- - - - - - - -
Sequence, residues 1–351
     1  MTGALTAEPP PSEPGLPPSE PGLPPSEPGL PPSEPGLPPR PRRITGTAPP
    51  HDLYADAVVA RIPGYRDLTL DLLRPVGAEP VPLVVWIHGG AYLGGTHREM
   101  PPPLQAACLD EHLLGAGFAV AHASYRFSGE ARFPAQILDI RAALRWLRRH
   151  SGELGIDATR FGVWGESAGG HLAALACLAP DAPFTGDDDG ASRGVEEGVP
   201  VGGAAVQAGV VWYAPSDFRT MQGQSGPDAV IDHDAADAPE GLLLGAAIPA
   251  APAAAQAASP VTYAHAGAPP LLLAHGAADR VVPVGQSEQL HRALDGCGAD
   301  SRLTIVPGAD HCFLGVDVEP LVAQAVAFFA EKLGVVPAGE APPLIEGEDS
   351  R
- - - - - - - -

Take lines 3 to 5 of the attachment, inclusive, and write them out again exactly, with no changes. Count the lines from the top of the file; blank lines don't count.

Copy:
    51  HDLYADAVVA RIPGYRDLTL DLLRPVGAEP VPLVVWIHGG AYLGGTHREM
   101  PPPLQAACLD EHLLGAGFAV AHASYRFSGE ARFPAQILDI RAALRWLRRH
   151  SGELGIDATR FGVWGESAGG HLAALACLAP DAPFTGDDDG ASRGVEEGVP